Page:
Importing the Writing Center to a Japanese College: A Critical Investigation
Thesis or dissertation
University of Exeter
The purpose of this study is to enrich understandings of the major issues encountered when tutoring writing with beginner-intermediate level Japanese EFL students in a Japanese university. Specifically, the thesis examines how students and tutors perceive the challenges experienced in EFL tutoring and the various roles tutors adopt during EFL writing tutoring sessions with Japanese beginner-intermediate students. A mixed method approach is employed utilizing different methods that combine qualitative and quantitative data. Four data collection methods were utilized: pre and post-semester interviews with writing tutors: student questionnaires from a sample size of 24: 30 tutorial observations: and two tutor training workshops (quasi-focus group). Symbolic interactionism (SI) provided a framework for analyzing tutors‟ roles and their practices during EFL writing tutorials. This view assumes that roles emerge from, and are significantly shaped by, interactions in specific social settings. It was found that writing tutors adopt the following roles: proofreader, translator, coach, teacher, mediator, and timekeeper based on their interaction with the individual student. Each role was adopted as a reaction to a challenge but also created new problems. Many of the roles the tutors adopted in this study parallel the research on roles tutors adopt in the ESL writing center, however in EFL tutoring these roles are magnified. For example, in this study tutors play both the role of teacher and mediator to a much larger degree. The translator role however is unique to EFL tutoring. The roles put forth encompass a different way for tutors to think about effective tutoring in an EFL setting with beginner-intermediate students. This study contributes a deeper understanding as to how administrators and writing tutors can better conduct writing center tutorials with EFL students.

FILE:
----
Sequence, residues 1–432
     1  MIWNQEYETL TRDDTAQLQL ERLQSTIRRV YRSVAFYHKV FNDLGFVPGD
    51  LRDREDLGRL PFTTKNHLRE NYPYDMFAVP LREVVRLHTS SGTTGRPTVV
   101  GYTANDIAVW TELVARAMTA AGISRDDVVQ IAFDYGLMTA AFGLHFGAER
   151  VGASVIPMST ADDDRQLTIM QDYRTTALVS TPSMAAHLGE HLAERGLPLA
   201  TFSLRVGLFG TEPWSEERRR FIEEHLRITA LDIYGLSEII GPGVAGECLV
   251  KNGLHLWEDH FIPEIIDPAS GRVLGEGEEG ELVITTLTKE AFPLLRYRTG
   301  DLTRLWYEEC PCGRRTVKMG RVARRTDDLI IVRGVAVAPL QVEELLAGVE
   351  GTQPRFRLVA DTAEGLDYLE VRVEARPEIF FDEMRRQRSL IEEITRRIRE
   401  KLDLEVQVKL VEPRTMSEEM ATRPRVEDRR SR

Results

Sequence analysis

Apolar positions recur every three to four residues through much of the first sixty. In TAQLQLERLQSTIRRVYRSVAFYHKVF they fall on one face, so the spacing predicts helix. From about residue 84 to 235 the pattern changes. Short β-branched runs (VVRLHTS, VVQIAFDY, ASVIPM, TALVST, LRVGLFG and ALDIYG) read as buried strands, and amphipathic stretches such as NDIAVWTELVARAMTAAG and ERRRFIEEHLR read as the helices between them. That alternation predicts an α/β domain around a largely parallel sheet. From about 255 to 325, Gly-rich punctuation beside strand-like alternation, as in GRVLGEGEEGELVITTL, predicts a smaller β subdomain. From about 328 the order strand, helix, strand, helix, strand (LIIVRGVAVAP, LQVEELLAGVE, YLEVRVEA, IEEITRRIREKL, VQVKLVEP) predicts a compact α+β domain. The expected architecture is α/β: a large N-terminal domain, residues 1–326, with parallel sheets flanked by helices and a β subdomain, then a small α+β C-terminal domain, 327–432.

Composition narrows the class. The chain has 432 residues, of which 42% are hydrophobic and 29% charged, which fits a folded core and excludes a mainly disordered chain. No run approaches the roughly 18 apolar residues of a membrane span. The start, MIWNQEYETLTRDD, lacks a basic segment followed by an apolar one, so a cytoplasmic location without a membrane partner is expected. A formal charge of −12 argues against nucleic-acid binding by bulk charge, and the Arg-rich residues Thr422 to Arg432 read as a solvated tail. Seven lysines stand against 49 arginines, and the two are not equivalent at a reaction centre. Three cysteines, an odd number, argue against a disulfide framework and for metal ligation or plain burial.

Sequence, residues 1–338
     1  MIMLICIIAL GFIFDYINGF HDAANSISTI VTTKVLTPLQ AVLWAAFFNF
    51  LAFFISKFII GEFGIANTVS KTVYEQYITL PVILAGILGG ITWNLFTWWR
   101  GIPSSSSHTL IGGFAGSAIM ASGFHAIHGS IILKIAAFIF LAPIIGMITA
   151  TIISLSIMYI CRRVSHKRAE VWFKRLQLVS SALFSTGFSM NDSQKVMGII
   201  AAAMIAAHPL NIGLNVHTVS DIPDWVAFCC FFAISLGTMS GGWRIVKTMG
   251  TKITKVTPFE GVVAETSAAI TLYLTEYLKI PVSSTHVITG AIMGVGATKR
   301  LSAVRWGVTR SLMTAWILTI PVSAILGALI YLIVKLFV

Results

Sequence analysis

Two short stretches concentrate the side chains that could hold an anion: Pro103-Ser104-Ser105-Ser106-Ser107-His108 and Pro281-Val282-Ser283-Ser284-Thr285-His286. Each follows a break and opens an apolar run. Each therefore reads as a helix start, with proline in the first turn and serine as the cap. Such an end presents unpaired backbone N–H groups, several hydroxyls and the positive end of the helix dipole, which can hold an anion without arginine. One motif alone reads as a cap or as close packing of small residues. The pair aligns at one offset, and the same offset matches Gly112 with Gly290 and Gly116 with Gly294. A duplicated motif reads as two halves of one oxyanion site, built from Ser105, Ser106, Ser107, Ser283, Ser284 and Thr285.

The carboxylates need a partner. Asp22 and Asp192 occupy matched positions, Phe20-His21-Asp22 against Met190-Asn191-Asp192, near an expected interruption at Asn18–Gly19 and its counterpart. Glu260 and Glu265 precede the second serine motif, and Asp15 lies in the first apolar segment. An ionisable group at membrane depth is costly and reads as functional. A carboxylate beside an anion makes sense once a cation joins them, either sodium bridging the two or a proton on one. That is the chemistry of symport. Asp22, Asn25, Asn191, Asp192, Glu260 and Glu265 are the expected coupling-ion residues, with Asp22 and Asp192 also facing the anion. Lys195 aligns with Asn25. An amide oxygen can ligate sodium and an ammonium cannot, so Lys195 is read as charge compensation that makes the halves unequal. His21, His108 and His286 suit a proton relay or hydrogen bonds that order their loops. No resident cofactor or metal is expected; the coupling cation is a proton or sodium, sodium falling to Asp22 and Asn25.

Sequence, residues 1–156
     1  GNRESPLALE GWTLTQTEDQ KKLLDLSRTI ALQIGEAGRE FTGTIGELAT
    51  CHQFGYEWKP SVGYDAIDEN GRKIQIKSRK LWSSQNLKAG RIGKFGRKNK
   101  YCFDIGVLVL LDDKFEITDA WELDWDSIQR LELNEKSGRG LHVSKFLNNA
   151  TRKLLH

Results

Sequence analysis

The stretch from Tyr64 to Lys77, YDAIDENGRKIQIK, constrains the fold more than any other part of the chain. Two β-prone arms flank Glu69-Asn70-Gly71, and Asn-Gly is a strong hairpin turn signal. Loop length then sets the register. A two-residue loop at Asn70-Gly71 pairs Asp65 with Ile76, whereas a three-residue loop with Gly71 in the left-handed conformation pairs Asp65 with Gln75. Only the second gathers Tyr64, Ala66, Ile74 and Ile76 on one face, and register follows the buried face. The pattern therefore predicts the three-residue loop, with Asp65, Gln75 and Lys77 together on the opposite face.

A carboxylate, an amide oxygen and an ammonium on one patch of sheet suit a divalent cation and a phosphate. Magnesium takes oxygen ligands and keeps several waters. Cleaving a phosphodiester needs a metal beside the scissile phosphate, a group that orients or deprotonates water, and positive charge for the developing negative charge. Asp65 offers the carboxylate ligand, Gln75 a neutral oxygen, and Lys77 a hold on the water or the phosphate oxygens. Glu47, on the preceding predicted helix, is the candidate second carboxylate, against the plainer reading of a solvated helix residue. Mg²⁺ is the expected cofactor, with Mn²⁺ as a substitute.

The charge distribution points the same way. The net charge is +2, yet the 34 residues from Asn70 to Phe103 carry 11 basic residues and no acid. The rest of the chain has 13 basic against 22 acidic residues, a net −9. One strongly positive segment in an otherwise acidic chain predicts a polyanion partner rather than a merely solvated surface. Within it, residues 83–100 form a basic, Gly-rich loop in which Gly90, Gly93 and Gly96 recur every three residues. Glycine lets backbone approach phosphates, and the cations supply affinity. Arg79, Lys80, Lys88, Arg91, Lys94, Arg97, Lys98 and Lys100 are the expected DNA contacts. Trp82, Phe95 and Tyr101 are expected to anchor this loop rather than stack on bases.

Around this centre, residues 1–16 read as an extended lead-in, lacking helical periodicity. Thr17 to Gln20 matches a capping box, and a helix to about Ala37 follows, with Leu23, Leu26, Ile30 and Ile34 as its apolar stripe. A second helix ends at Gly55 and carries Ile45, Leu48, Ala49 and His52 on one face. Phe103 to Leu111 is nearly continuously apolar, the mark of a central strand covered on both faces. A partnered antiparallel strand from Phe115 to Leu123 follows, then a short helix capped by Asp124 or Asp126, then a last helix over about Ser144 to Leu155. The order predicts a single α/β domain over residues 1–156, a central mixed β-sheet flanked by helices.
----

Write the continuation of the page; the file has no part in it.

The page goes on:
EdD in TESOL